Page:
Skip to comments.Protestors Killed And 40,000 Jailed As Blair's Friend Quells 'Insurrection'
Posted on 12/15/2005 8:26:10 PM PST by blam
Protesters killed and 40,000 jailed as Blair's friend quells 'insurrection'
By David Blair in Addis Ababa
A leader handpicked by Tony Blair to champion Africa has smashed his opponents with the biggest crackdown in the continent's recent history, jailing 40,000 people including boys of 15.
Meles Zenawi, the Ethiopian prime minister and a member of Britain's Commission for Africa, has launched a systematic onslaught against every possible adversary.
Meles Zenawi: Onslaught
The entire leadership of Ethiopia's main opposition party has been locked up. Mr Meles has closed five newspapers and jailed their editors, while police have killed about 80 demonstrators.
Paramilitary units have killed people arbitrarily and thousands have been detained at random.
This operation had thwarted "an insurrection", Mr Meles said.
A crackdown on this scale has not been seen in Africa for 20 years and the repression exceeds anything by President Robert Mugabe of Zimbabwe for the past decade at least.
Apartheid-era South Africa's onslaught against the black townships in the 1980s provides the only recent comparison. Ethiopia sank into crisis after a general election in May. The opposition said the polls were rigged and called mass protests in the capital, Addis Ababa.
Demonstrators gathered in huge numbers in June and again last month. On both occasions the security forces opened fire with live rounds. A handful of protesters were armed and shot at police. But most were unarmed and western diplomats dismissed Mr Meles's claim that a violent "revolution" was unfolding.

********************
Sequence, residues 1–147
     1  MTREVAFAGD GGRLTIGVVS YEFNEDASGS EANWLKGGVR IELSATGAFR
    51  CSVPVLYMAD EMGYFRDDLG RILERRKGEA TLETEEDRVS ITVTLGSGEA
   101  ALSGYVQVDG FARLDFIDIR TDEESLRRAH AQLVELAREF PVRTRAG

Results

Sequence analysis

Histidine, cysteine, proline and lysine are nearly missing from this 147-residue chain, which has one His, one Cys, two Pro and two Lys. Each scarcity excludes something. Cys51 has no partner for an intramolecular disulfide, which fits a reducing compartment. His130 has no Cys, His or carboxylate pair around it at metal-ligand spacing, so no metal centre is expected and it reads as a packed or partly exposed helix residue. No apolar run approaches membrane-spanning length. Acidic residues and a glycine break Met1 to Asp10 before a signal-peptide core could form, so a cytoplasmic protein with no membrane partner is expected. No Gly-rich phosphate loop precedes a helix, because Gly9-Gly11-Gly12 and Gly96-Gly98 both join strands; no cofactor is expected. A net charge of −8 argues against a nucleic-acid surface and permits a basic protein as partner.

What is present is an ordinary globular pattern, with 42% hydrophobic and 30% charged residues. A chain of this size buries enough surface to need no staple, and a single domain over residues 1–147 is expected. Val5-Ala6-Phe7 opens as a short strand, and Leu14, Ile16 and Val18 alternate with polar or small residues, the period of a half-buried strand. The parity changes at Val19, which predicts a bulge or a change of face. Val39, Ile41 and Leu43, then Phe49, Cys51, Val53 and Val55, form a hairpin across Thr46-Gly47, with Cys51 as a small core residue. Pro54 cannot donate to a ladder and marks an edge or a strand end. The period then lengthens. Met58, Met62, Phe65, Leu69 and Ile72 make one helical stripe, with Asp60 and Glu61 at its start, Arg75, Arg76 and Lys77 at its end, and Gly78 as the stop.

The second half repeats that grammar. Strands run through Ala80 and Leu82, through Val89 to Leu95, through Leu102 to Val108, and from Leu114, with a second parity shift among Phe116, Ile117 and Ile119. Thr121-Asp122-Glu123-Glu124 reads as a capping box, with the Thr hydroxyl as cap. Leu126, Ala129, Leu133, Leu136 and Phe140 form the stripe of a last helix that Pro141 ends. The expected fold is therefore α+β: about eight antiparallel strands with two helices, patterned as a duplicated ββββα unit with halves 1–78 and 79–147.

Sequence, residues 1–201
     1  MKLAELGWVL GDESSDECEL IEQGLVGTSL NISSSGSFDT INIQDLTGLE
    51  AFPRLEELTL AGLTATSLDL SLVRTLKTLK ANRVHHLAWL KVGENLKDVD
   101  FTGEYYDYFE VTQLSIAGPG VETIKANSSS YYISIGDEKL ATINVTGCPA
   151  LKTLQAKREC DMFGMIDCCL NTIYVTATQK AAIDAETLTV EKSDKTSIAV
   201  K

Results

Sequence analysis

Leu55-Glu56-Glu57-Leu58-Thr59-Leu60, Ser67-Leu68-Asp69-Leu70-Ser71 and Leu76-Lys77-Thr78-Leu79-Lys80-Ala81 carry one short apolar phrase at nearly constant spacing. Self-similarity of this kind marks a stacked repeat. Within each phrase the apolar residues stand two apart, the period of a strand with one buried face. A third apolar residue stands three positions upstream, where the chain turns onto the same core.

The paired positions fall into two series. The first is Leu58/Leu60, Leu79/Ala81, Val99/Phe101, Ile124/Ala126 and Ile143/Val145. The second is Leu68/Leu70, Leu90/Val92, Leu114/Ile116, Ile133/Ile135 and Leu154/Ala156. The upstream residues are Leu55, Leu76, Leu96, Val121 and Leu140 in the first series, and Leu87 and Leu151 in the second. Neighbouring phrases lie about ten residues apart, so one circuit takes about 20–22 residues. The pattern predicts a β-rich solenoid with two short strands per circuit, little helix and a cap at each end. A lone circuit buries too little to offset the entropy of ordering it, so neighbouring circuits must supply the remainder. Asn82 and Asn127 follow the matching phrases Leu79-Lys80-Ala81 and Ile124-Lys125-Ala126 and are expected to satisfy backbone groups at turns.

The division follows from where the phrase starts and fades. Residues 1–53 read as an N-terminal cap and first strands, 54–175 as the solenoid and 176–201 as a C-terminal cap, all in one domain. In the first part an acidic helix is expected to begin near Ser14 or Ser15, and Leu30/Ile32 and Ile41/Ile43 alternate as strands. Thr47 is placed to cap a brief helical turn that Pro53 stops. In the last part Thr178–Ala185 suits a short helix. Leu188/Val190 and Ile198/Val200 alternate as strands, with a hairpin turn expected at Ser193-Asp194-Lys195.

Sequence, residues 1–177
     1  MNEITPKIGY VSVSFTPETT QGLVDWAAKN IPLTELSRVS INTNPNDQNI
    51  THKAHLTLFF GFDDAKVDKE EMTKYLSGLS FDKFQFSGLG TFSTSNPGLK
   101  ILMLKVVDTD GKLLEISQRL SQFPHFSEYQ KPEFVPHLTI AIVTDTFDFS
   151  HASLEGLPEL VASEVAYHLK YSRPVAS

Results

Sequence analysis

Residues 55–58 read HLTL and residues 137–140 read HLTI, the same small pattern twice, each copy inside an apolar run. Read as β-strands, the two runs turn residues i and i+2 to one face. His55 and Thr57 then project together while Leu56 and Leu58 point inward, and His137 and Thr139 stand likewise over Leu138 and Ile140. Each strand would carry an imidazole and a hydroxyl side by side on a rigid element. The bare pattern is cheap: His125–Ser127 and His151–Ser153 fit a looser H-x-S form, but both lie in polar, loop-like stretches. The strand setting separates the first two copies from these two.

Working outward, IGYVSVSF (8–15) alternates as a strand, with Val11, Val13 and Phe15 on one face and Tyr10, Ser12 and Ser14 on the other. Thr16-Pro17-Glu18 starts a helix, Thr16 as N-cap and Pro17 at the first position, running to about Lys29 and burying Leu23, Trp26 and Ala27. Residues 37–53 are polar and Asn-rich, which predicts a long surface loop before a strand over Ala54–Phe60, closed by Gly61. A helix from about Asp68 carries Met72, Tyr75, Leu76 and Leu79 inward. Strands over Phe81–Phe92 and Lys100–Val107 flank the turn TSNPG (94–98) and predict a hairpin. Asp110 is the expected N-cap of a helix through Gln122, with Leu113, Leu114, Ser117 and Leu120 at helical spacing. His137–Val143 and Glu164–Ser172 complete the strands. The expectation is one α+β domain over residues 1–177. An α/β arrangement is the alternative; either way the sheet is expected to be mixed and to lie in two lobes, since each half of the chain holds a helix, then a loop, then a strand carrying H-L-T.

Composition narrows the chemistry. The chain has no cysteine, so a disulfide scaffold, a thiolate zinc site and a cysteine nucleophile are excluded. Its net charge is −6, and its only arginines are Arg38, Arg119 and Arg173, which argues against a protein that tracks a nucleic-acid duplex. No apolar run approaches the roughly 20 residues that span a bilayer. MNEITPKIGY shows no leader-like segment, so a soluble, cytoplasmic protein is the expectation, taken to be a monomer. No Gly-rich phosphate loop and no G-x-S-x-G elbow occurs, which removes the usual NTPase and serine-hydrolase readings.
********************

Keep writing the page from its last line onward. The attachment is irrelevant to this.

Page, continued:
Instead, repression has followed November's demonstrations. Twenty-three leaders of the opposition Coalition for Unity and Democracy (CUD), including Hailu Shawal, its chairman, will be formally charged with treason today. The CUD holds all 23 of Addis Ababa's parliamentary seats and its most junior figures have not been spared.
Police came for Teshome Legesse, a CUD city councillor, as he was having lunch with his family on Nov 1.
When they beat him with rifle butts, his wife, Etenesh Yimmam, 46, became hysterical. They beat her with sticks, then one of the police shot her twice.
The man who killed Mrs Etenesh received a shouted order from another officer: "Just do it." At that moment, he fired again, apparently aiming at the woman's son, bent over her body. He missed and wounded one of the family's neighbours. Then two officers fired in the air, dispersing the crowd, and the police left in a pick-up, taking the dead woman's husband.
Arrests were taking place across Addis Ababa. The city's jail overflowed and prisoners were held in its compound. As that became crammed, detainees were held in the National Exhibition Centre. Even that overflowed, so government offices were used as temporary prisons.
Detainees were beaten, stripped of their shoes then driven to an old military camp at Dedesa, 250 miles west of Addis Ababa. There they survive in disused barracks on daily rations of four slices of bread.
Western diplomats have reports of executions at Dedesa and of a body being hung on the camp's gates. The best estimate for the total detained is 40,000.
Most were held for a few weeks. But Mr Meles said on Tuesday that 3,000 were still in detention.
Last year Britain gave Ethiopia £44 million of aid, of which £30 million went directly into the government's coffers. This year £50 million has been withheld.
Mesfin Abebe, 15, an orphan who begs on the streets, was arrested, beaten and held at Dedesa for 15 days. "They did not choose who they were arresting," he said. "They just grabbed boys from the street."
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